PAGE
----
Q: I want to negotiate prior to lawsuit, do I send a letter of demand or a letter of intent? Do I include evidence?

I have filed a disability discrimination claim against my former employer and have no legal representation. I want to settle out of court, they offered $10,000 during the EEOC process. Do I need to do a letter of demand or letter of intent or can I just use my own words and ask them to negotiate?

1 Lawyer Answer
James L. Arrasmith
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  • Civil Rights Lawyer
  • Sacramento, CA

A: In your situation, you can choose to send either a letter of demand or a letter of intent to your former employer to initiate negotiations. A letter of demand typically outlines your legal claims, the relief you are seeking, and a deadline for the employer to respond before legal action is pursued. On the other hand, a letter of intent expresses your willingness to negotiate and settle the matter out of court, without setting a specific deadline or making explicit legal threats.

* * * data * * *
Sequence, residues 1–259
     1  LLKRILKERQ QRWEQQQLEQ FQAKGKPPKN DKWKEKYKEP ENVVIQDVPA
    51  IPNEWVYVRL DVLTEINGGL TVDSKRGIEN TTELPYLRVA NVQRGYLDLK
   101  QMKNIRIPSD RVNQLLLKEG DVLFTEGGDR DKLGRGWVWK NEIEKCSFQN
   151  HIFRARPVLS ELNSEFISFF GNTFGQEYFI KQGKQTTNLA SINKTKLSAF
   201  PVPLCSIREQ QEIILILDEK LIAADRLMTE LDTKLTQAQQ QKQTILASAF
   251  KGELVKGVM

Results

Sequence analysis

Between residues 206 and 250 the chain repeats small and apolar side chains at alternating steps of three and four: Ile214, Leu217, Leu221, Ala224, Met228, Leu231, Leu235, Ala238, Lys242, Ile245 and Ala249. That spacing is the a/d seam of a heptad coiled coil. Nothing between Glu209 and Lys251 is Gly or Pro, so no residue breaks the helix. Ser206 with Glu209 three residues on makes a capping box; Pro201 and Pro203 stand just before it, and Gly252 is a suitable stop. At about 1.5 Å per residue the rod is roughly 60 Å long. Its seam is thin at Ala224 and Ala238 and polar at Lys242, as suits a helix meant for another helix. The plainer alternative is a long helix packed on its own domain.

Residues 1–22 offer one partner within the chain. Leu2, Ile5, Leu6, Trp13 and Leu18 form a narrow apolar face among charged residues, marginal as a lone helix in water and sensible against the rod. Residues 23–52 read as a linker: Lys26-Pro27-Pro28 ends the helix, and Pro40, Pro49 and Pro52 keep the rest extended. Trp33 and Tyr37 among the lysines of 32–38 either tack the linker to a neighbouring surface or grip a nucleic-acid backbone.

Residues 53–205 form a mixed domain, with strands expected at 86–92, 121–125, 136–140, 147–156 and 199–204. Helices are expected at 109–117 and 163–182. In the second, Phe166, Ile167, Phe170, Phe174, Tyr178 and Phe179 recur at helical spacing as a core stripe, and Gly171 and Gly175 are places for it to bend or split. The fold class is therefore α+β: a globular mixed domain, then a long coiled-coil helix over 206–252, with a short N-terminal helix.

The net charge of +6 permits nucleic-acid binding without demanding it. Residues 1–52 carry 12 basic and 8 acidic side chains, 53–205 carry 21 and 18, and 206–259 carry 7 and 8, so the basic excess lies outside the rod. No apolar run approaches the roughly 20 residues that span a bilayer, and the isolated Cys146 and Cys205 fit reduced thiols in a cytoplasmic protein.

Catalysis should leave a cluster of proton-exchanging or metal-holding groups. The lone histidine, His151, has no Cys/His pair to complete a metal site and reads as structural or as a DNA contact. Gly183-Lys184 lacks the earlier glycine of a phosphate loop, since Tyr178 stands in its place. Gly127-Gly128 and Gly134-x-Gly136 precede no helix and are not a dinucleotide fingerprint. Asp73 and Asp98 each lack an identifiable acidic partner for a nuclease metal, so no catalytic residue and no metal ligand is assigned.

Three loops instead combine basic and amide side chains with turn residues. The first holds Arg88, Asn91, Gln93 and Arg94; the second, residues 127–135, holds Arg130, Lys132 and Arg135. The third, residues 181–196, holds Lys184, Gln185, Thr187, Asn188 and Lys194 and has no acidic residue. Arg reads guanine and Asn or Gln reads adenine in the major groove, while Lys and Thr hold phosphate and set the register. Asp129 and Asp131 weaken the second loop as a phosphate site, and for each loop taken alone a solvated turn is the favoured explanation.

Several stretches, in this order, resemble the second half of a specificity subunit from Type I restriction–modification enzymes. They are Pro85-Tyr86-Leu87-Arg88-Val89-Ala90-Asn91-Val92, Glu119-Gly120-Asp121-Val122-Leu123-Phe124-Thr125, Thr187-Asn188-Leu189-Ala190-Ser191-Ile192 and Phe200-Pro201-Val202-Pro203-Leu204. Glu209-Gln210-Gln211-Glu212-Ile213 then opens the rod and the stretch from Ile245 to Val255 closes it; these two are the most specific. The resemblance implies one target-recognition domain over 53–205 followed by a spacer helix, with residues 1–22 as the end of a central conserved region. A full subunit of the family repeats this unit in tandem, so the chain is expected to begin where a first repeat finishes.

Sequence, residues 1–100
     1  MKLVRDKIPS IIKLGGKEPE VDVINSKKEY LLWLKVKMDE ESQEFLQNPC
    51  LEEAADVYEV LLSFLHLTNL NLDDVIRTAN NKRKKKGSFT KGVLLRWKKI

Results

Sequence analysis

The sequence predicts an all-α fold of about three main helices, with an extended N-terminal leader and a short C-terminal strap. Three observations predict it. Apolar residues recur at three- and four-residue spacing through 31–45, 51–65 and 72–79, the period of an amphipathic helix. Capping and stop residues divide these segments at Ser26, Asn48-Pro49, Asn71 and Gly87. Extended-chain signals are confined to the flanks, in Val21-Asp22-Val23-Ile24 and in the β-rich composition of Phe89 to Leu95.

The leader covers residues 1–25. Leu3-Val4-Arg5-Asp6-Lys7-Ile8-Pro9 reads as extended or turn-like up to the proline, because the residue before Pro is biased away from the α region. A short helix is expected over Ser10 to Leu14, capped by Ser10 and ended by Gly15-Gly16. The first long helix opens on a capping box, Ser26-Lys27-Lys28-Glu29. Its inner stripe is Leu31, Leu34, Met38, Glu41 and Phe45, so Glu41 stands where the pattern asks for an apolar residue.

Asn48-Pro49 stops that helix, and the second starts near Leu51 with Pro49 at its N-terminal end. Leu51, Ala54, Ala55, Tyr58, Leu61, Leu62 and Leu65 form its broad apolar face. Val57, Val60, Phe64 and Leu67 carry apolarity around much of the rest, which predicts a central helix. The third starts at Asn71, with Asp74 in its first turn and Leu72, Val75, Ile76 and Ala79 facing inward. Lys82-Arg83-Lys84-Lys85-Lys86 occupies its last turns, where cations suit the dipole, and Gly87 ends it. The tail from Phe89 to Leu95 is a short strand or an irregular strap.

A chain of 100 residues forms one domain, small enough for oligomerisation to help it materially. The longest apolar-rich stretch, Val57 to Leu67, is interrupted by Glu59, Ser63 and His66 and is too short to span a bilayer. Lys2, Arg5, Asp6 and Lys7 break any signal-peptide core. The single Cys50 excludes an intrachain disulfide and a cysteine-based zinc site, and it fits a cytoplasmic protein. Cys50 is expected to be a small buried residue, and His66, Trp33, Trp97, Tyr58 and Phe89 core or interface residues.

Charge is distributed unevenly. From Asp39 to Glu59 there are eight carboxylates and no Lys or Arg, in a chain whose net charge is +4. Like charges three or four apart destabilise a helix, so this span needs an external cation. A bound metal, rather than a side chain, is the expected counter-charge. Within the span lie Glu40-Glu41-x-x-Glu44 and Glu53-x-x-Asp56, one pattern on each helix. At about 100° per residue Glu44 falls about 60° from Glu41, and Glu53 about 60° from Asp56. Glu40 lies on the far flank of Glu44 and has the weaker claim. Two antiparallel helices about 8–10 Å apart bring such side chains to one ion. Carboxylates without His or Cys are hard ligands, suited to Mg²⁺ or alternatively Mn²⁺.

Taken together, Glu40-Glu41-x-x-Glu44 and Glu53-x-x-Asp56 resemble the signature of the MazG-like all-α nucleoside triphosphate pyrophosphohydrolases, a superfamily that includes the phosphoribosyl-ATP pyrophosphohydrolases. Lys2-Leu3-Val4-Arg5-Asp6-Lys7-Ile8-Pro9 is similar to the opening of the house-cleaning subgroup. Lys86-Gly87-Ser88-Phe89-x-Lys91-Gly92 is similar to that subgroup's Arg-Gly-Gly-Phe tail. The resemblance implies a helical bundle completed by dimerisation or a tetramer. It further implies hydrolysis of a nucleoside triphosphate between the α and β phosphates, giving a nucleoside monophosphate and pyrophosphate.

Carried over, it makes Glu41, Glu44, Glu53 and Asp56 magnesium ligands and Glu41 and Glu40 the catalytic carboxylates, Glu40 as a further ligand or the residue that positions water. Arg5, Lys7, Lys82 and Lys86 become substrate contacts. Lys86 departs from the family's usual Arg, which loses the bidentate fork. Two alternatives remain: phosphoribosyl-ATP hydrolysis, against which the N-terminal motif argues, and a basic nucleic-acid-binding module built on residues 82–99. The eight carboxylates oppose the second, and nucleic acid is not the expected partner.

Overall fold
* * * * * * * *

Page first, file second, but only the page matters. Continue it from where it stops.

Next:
When drafting your letter, it's essential to clearly state your desire to negotiate a settlement and outline your proposed terms. You can include any evidence or supporting documentation that strengthens your case and supports your proposed settlement amount. This might include medical records, witness statements, or other relevant documents that demonstrate the impact of the alleged discrimination on your employment and well-being.

Ultimately, the goal of your letter is to open a dialogue with your former employer and encourage them to engage in meaningful negotiations to resolve the dispute. You can use your own words to convey your position and express your willingness to consider reasonable settlement offers. However, if you are unsure about the legal aspects of drafting the letter, you may want to consider seeking guidance from a legal professional or a trusted advisor to ensure that your interests are protected throughout the negotiation process.

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